[Discussion] A Problem With SE-0025?


(Erica Sadun) #1

Perhaps the proposal can be amended with this information with the approval of the core team. I imagine that a list of rules and a chart might be valuable. Even if adding to the proposal is the wrong way to go, a publicly accessible and vetted document would be useful to refer people to. Maybe someone can step up and form a working group.

-- E

···

On Jun 15, 2016, at 5:51 PM, Charles Srstka via swift-evolution <swift-evolution@swift.org> wrote:

I think you guys are making this more complicated than it is. The rules here seem fairly simple:

1. The default access level is “internal”.

2. A type declared “private” at the top level will be visible to the file only.

3. If they are not given an access level, properties declared on the type will get the default “internal” access level, but since their containing type is not visible outside the file, they will not be visible either.

Thus any properties on the type will effectively inherit the access level of that type, unless the type’s access level is broader than “internal”. For the example of a private type at the top level of a file, its properties will effectively be fileprivate.

Charles

On Jun 15, 2016, at 5:48 PM, Matthew Johnson via swift-evolution <swift-evolution@swift.org <mailto:swift-evolution@swift.org>> wrote:

Sent from my iPad

On Jun 15, 2016, at 5:17 PM, Robert Widmann <devteam.codafi@gmail.com <mailto:devteam.codafi@gmail.com>> wrote:

I await their opinions, but even with that change we still have a problem with the philosophy here. The motivation behind the fileprivate/private distinction is, as you say in the proposal "[a] reliable way to hide implementation details...". Why would you want any members you're trying to hide to be visible in any scope other than the one you create with the decl (which is, without a doubt, also a lexical scope)? It is analogous with other access control levels: a public outer decl implies public inner members just as a fileprivate one implies fileprivate inner members. Is it not antithetical to being able to hide things if they remain visible despite the outer decl declaring itself supposedly being sealed? In your examples, you declare private members that you do not wish to leak into top level scope because they are, after all, supposedly hidden. Should the same semantics you have given not also apply to private decls no matter where they lie?

Sorry, missed the example in my last reply.

Should this compile:

private struct Outer {
    let inner = Inner()
}

Outer().inner

Aside from the fact that you can't write a standalone statement at the top level of a file and it isn't clear what 'Inner' is, yes. This would be valid:

private struct Outer {
    struct Inner {}
    let inner = Inner()
}

private let inner = Outer().inner

Note that the top level 'inner' must be 'private' or 'fileprivate' because 'Inner' is not visible outside the file.

If this shouldn't:

struct Outer {
    private let inner = Inner()
}

extension Outer {
    var inner2 : Inner { return self.inner }
}

The extension introduces a new scope so this is not valid.

Visibility being a function of scope, lexical or otherwise, seems too coarse a metric for access control in general without further clarification of what the definition of "hidden" is.

The lexical scope of the declaration itself (not a scope introduced by the declaration) is perfectly clear. You may not like it or agree that it is desirable but it certainly isn't ambiguous.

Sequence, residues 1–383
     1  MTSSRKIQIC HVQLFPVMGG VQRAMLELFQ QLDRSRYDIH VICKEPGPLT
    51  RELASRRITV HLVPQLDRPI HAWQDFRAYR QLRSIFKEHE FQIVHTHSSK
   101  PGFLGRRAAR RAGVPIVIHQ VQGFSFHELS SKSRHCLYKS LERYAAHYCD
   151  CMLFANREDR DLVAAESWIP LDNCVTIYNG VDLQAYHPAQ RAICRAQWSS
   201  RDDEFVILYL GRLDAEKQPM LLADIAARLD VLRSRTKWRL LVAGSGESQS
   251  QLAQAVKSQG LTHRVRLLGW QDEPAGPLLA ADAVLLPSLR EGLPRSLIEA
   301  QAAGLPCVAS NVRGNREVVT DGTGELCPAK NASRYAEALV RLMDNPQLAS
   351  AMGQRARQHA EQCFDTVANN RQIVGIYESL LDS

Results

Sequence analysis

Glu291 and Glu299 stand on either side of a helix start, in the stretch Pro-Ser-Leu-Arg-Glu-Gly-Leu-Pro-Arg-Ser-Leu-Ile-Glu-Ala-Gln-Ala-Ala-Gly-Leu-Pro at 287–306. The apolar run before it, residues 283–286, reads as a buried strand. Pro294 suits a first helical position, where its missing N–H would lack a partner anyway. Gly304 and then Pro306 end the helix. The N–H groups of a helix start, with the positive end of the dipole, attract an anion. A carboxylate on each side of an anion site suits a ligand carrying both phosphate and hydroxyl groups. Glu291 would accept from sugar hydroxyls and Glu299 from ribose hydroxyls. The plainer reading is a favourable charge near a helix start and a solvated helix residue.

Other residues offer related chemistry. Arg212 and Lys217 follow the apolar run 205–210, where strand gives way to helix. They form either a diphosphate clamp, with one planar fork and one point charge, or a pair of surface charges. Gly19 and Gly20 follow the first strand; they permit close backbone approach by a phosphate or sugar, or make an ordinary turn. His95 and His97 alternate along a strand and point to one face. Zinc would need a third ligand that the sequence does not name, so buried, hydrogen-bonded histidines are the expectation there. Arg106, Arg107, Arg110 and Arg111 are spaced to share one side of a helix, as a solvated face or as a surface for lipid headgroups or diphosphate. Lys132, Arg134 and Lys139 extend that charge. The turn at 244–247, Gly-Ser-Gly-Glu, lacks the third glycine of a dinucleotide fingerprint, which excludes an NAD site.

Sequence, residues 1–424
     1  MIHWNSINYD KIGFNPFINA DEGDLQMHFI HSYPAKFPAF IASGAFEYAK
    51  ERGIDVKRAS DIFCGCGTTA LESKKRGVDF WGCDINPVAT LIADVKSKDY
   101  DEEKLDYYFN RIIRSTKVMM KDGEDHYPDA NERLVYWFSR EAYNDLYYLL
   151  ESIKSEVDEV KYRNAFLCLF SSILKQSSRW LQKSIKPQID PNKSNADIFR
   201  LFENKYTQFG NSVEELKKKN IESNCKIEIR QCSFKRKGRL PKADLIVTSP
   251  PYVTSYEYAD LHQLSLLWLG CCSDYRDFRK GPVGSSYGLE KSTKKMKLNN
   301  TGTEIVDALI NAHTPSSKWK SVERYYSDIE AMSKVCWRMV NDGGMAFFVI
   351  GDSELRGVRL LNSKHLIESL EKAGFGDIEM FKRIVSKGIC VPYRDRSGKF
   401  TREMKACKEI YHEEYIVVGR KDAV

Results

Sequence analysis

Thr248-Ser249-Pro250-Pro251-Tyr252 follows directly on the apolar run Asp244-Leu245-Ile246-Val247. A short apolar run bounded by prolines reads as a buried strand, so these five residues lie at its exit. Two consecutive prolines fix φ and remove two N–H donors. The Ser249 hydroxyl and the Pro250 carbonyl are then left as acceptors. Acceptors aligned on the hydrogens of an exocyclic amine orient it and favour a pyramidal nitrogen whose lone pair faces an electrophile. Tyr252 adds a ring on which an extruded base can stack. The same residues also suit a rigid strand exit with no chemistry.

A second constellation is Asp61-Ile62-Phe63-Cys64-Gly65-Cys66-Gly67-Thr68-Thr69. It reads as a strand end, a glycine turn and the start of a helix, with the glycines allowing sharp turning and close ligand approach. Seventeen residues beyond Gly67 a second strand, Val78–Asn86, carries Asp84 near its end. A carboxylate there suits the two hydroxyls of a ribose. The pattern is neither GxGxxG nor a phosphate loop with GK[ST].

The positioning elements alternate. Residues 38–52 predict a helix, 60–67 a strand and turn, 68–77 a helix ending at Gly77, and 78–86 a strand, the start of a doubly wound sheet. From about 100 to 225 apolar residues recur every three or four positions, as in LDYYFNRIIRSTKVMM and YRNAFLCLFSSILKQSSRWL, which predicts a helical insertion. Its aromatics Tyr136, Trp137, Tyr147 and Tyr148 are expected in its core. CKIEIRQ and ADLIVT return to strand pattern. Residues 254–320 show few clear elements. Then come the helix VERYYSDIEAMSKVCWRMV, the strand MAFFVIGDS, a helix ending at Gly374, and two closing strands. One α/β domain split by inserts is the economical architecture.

~Robert Widmann

2016/06/15 12:38、Matthew Johnson <matthew@anandabits.com <mailto:matthew@anandabits.com>> のメッセージ:

On Jun 15, 2016, at 2:29 PM, Robert Widmann <devteam.codafi@gmail.com <mailto:devteam.codafi@gmail.com>> wrote:

The meaning of private according to the proposal is not scope-dependent, it is decl-dependent. The mental gymnastics we are both going through right now are not in the proposal. I would like them to be.

I agree that the proposal is too sparse on the details and that is the source of the confusion.

Ilya wanted me to write this proposal and only did it himself because I didn’t have time to do it as quickly as he wanted. I know what the original intent of the proposal was (I can’t speak for the core team on their mental model of it when they accepted it).

That said, the title of the proposal is “scoped access level” and the detailed design says "visible only within that lexical scope”. And the entire discussion was always about lexical scope. I believe the reason the “proposed solution” section says “current declaration” is because *most* lexical scopes are introduced by a declaration. That is sloppy language that should have been cleaned up prior to review.

I appreciate you working on implementing this. I also understand if you want to hold off until the core team can chime in on the semantics they intend.

Matthew

~Robert Widmann

2016/06/15 12:26、Matthew Johnson <matthew@anandabits.com <mailto:matthew@anandabits.com>> のメッセージ:

On Jun 15, 2016, at 2:19 PM, Robert Widmann <devteam.codafi@gmail.com <mailto:devteam.codafi@gmail.com>> wrote:

We have diagnostics specifically to prohibit this case. You cannot raise the access level of members.

private struct Foo {
    internal var x : String = ""
}

warning: declaring an internal var for a private struct.

Hence, the highest allowable level of access for x is private and it becomes invisible.

I would not like the compiler to synthesize this in my code, and if it did I would like the proposal to say it will raise access levels of members as you would like it to.

That diagnostic is a good thing. I am not suggesting that you to disregard it.

What you are missing is that the meaning of `private` is scope-dependent. The following example is perfectly valid:

private struct Foo {
    fileprivate var x : String = “”
}